Cartilage, the protective surface that covers the ends of our bones, helps our joints move smoothly and without pain. Cartilage may become damaged with age, wear and tear, or injury. This wearing away of the cartilage surface and the associated symptoms of pain, stiffness and swelling is known as arthritis. Currently, there are limited options to address the early stages of arthritis when the cartilage wear is diffuse (wide spread) on the joint surface. Arthroscopic procedures can clean up the torn, worn out edges of the cartilage, and treat limited areas of cartilage damage to successfully improve symptoms and function.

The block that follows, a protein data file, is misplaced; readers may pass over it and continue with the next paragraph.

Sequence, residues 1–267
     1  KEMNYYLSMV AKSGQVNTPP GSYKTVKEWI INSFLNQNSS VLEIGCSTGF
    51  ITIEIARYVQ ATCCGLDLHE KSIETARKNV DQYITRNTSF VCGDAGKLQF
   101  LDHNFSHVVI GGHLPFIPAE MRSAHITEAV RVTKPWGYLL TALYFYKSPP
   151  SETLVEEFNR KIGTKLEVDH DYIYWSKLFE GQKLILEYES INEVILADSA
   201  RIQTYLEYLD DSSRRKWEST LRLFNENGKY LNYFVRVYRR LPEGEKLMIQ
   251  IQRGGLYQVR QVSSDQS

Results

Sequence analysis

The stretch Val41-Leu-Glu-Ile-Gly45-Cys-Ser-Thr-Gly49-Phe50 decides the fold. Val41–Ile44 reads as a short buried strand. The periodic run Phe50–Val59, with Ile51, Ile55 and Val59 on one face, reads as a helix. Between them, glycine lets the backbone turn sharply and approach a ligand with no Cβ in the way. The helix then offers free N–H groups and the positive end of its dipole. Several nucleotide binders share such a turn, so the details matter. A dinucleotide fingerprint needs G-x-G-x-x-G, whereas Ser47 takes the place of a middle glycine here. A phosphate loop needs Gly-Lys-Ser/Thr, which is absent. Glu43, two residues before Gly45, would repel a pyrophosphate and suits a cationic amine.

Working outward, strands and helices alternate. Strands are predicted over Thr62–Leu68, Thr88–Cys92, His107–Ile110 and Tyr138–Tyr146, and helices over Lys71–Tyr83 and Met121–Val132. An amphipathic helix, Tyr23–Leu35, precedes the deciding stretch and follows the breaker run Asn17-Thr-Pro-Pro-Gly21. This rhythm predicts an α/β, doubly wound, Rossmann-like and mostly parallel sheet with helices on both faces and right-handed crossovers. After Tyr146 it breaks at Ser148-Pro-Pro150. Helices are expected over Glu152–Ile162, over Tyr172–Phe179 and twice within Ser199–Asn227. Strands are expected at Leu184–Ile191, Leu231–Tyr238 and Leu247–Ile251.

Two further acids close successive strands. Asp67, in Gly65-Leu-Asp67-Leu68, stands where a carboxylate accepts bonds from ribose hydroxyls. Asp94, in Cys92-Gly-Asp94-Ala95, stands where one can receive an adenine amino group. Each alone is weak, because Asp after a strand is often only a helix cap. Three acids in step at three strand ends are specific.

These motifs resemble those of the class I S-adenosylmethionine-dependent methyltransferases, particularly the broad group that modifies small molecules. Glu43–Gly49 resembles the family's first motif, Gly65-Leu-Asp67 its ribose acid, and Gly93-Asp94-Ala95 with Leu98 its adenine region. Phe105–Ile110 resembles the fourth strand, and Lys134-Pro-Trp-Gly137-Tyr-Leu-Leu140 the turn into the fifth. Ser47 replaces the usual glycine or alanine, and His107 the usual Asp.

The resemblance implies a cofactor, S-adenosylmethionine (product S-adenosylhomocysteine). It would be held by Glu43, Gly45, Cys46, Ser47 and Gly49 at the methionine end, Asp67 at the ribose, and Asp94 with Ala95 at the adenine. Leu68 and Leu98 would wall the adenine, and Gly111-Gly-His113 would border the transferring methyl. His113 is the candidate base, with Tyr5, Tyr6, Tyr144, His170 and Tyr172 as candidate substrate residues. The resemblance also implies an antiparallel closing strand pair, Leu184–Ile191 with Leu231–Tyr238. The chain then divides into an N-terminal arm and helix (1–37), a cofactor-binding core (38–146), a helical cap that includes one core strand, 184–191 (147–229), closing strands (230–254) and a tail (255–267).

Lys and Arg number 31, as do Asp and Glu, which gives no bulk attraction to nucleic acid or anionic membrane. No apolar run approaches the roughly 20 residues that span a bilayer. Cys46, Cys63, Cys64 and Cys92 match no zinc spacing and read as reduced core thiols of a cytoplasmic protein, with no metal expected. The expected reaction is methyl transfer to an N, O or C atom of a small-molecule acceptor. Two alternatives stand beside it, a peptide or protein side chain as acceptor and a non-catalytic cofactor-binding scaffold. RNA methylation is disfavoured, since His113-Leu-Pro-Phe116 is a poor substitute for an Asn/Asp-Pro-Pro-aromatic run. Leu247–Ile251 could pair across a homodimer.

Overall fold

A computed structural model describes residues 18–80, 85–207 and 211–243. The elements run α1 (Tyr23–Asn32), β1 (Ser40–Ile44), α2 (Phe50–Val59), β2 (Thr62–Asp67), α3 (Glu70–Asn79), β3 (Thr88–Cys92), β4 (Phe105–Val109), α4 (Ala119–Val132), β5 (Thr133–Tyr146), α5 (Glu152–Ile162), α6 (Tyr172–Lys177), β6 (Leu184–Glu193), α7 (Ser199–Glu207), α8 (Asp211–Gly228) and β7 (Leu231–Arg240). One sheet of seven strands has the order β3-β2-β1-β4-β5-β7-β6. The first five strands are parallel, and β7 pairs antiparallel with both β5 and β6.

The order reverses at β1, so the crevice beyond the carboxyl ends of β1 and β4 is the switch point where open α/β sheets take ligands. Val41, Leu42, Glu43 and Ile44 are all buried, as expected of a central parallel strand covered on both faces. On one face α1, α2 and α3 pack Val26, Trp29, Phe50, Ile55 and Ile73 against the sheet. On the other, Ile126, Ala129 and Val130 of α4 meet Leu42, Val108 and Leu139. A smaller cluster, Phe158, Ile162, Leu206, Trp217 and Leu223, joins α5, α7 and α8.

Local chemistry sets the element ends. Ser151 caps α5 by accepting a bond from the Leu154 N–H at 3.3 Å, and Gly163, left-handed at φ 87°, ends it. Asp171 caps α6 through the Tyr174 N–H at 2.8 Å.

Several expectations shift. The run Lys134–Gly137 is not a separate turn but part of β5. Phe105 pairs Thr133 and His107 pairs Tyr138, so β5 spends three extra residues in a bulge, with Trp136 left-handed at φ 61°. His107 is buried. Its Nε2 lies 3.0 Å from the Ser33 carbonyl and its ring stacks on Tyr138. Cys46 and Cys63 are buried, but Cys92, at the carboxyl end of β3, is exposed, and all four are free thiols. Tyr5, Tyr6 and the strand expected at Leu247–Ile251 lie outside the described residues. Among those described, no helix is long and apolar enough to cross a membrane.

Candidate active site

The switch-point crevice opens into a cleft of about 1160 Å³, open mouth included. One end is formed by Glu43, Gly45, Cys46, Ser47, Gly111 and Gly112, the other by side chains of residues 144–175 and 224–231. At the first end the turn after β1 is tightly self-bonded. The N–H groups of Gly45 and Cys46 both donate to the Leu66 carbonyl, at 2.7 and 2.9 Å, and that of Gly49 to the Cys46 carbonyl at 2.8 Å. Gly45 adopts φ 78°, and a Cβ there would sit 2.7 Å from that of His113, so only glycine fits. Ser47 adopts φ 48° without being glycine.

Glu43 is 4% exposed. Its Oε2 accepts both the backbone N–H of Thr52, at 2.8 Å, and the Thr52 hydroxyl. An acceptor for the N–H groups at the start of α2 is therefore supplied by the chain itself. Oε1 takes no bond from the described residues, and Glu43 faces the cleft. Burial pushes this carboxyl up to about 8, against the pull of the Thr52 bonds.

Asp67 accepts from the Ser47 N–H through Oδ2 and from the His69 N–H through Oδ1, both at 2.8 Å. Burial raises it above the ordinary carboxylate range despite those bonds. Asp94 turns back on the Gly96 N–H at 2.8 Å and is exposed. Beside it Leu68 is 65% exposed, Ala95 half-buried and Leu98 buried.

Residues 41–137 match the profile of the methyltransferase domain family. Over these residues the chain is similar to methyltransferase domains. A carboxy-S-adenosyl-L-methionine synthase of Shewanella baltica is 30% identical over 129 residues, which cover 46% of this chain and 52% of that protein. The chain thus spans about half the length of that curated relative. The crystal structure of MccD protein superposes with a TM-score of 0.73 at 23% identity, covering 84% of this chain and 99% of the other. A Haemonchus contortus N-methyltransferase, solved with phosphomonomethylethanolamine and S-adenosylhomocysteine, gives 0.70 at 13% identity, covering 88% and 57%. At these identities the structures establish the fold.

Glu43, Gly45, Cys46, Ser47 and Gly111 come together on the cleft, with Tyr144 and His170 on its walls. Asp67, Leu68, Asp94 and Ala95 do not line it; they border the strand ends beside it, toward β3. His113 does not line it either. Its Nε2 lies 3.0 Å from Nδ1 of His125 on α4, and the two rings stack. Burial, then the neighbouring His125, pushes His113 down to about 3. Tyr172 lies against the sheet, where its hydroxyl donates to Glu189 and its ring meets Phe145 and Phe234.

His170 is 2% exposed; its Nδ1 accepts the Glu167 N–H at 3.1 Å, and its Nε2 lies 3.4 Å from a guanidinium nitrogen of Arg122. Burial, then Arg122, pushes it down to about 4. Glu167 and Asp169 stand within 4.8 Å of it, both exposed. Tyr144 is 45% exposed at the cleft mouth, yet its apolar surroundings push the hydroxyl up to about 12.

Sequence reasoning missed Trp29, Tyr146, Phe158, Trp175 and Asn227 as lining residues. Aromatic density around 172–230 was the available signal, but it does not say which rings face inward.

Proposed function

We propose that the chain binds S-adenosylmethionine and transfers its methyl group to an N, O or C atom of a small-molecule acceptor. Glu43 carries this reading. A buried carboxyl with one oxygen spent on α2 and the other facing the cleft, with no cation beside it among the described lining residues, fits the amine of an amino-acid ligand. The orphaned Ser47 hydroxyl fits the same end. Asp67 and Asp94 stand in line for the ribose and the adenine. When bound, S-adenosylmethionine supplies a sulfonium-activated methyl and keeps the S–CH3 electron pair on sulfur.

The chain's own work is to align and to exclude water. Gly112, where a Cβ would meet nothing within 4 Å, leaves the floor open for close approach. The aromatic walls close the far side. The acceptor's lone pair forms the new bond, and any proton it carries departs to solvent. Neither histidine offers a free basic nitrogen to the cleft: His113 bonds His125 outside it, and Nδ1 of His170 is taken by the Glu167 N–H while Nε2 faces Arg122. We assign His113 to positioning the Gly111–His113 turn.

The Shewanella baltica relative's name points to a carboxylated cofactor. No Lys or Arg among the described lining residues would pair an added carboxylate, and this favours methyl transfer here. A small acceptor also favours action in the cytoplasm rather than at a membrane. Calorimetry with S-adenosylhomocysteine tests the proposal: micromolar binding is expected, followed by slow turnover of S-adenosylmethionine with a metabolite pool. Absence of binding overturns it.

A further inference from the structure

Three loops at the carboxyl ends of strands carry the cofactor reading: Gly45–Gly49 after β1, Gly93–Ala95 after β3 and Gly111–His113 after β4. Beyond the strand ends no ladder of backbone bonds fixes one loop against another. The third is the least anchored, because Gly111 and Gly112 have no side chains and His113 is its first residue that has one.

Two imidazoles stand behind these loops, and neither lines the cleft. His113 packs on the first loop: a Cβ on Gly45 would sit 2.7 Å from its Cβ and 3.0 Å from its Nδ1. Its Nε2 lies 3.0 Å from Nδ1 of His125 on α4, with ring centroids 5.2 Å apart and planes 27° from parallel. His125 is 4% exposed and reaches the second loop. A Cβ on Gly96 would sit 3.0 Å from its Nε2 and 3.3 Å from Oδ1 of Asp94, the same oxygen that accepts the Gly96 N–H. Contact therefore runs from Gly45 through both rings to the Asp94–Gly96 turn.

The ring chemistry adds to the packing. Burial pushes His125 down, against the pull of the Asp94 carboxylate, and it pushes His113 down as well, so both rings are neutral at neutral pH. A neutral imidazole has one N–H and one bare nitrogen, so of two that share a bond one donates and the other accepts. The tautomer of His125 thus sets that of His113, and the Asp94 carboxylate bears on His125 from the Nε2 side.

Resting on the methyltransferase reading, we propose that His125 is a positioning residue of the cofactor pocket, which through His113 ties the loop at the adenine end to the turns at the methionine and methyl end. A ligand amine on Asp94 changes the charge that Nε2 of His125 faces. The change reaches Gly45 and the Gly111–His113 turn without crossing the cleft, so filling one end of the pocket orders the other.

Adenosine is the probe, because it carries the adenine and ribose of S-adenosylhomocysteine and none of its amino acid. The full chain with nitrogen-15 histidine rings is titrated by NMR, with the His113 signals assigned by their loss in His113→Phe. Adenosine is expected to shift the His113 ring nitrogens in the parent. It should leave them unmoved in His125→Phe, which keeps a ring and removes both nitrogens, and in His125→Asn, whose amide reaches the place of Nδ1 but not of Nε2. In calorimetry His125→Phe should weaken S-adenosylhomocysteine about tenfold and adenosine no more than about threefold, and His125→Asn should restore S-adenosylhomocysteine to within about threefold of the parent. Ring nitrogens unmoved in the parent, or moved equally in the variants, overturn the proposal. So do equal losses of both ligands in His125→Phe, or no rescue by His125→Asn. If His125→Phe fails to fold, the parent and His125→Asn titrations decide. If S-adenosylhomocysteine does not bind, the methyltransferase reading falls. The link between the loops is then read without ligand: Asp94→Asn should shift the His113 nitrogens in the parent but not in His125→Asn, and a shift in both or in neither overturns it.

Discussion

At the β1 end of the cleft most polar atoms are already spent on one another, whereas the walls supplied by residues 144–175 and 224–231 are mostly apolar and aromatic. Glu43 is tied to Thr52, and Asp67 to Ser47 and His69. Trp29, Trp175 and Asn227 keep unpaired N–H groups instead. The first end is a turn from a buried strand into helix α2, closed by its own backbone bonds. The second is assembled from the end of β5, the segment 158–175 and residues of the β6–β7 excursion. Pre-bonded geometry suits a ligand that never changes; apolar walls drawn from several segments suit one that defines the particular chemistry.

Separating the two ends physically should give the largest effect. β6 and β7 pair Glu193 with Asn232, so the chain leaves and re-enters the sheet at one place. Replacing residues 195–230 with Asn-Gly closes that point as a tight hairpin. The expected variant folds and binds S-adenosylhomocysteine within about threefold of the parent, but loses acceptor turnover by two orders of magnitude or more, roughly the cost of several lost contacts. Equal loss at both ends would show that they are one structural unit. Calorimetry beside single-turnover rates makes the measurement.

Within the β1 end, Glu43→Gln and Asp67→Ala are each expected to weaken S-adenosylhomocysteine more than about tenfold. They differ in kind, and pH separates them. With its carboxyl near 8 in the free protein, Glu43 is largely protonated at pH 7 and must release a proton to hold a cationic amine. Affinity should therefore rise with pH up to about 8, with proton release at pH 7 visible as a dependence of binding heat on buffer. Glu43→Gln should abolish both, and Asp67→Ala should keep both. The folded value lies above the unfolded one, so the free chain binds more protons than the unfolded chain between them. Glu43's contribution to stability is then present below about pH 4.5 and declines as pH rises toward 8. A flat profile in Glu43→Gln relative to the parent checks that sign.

Dr. Chudik performs cartilage repair and transplant procedures arthroscopically with small incisions. Arthroscopic shavers and ablations instruments are used to remove and contour the torn loose edges of cartilage and there are several options for cartilage restoration, depending on the specific location and severity of the cartilage damage.
A microfracture repair is similar to the abrasionplasty procedure in which deeper holes are created to access the blood and marrow component. You may return to activities when there is no pain and full shoulder range of motion, muscle strength and endurance, and functional use has been restored. This usually requires four to six months following a cartilage. Dr. Chudik will tell you when it is safe to resume activities. Depending on the severity of the cartilage damage and the type of repair, Dr. Chudik may advise you about recommended activity restrictions.